Nothing to Sneeze At

Managing laboratory animal allergens

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There are many research disciplines that make use of animals. And if you work with laboratory research animals, you probably are aware that animal allergies are still one of the most common health hazards faced each day. Although this topic has garnered lots of research attention, allergic reactions, which are a result of immunological and biochemical mechanisms, are not totally understood. And so laboratory animal allergy (LAA) remains a serious occupational hazard. Did you know that approximately one-third of laboratory animal workers have an occupational allergy to animal danders?1 Or that one-third of that group have symptomatic asthma?1,2 In fact, about three-quarters of workers with preexisting allergic disease (referred to as the atopic risk group) eventually develop a laboratory animal allergy.2 Given these statistics and the potential seriousness, especially if LAA should progress to asthma, we thought it was time to provide some reminders for prevention.

Risk factors and symptoms

Laboratory animal allergy begins with exposure to the allergens; these are usually proteins or glycoproteins. Animal allergens are found in the urine, saliva, dander, and fur of most research species, including rats, mice, cats, dogs, horses, and birds, among others. The exposure route is most often airborne, but skin contact can also produce reactions of a different kind. Most workers who develop LAA do so within one to three years of first exposure.1 Persons with other allergic conditions such as hay fever are at greater risk of developing LAA, as atopic individuals are 11 times more likely to become sensitized to animal allergens than non-atopics.1 In addition, atopy may reduce the time for developing LAA and increase the severity should an atopic worker become sensitized. One study found that the median time from first exposure to symptoms of LAA was 2.2 years for atopics, compared to 8.2 years for non-atopics.1 Other risk factors include the duration of exposure and allergen concentration. Airborne allergen concentrations are directly proportional to the number of animals in the area and depend on the rate of production and the rate of removal. This suggests that ventilation is key in limiting exposures. However, at least one study has shown that although ventilation is effective for lowering concentrations when allergen production is low (i.e., small numbers of animals), it might take up to 127 air changes per hour (ACH) to significantly reduce exposures when allergen production is very high, such as during cage cleaning or in densely populated areas.2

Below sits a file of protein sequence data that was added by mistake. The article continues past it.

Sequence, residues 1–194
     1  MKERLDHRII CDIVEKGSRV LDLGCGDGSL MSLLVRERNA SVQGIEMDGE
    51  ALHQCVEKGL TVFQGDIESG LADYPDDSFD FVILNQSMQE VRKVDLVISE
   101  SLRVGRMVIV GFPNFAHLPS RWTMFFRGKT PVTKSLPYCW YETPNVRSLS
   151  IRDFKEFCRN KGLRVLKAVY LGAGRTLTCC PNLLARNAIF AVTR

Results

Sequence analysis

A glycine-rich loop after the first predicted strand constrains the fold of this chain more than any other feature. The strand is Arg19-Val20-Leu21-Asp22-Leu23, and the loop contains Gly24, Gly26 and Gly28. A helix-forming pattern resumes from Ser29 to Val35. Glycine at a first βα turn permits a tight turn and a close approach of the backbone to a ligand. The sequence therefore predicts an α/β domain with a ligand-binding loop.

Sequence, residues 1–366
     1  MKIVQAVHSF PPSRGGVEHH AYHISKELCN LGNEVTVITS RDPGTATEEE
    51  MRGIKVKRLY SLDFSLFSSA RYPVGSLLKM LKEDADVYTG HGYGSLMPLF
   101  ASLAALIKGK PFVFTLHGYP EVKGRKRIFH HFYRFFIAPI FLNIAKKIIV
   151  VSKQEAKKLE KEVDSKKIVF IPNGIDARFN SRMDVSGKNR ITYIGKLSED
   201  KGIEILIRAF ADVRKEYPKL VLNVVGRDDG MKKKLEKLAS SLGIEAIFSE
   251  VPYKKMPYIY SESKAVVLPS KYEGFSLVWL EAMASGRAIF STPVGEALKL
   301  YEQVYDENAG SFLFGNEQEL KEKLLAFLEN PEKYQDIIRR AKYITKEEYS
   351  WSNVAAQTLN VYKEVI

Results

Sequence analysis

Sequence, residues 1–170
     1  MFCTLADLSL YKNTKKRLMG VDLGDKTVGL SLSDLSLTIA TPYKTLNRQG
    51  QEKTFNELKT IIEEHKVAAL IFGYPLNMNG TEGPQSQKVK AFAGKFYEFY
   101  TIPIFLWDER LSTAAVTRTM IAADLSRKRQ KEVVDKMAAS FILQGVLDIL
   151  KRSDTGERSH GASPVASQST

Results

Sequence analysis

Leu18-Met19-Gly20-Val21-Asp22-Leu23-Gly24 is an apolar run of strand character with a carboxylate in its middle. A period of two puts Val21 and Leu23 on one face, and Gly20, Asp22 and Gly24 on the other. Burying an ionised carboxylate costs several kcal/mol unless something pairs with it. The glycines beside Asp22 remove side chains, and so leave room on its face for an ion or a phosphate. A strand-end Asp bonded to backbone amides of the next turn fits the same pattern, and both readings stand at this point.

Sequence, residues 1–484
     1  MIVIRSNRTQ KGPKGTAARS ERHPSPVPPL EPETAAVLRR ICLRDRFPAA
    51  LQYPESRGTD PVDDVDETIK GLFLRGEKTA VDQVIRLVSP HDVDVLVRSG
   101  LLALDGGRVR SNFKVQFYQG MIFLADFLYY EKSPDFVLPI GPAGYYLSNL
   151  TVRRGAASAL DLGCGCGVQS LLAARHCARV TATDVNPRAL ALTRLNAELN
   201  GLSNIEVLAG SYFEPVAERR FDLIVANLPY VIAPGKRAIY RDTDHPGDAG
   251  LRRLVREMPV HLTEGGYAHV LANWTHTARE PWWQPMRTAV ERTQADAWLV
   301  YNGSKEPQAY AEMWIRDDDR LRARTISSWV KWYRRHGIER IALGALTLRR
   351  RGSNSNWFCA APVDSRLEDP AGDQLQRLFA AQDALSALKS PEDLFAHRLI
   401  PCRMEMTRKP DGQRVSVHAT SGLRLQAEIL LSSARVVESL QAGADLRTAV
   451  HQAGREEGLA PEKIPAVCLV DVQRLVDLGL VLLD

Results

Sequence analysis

Experience shows that exposure concentrations are definitely related to specific tasks as well. In the study results, cage cleaning ranked at the top, followed by handling and then surgery/euthanasia. Research has shown that airborne allergen concentration increased up to five times and small particles (less than 1 micron average diameter) increased three times in areas where cage cleaning was conducted. Sampling methods are available to measure airborne allergen concentrations as well as particle size. This is very useful information to have, and it is important to keep these facts in mind when developing your prevention program.

Laboratory animal allergy usually begins with nasal symptoms such as sneezing and a runny nose; itchy, watery eyes; and/or rashes. A more serious condition that might affect about 10 percent of workers is occupational asthma; its symptoms are coughing, wheezing, and shortness of breath and lead to chronic symptoms that continue even after exposure is removed.

Of all the animal species used in research, rats are perhaps the most common. The major sources of rat-induced allergen appear to be urine and saliva. Research has shown that handling rat litter can introduce a large amount of allergen, particularly smaller particles that can remain airborne for 15 to 35 minutes.2 Mice, which also produce a urinary protein, are another major source of allergen for animal lab workers. Because they are also kept as domestic pets, dogs and cats pose a significant risk of sensitization both in the laboratory and outside the work environment. Cat allergens, produced in saliva and sebaceous glands of the skin, are unique in that they appear to be highly electrostatically charged and therefore tend to stick to surfaces that then act as reservoirs holding and transferring allergens even in the absence of cats. One other major species worth mentioning is birds, exposure to which can cause rhinitis and hypersensitivity pneumonitis, a potentially serious pneumonia-like lung condition.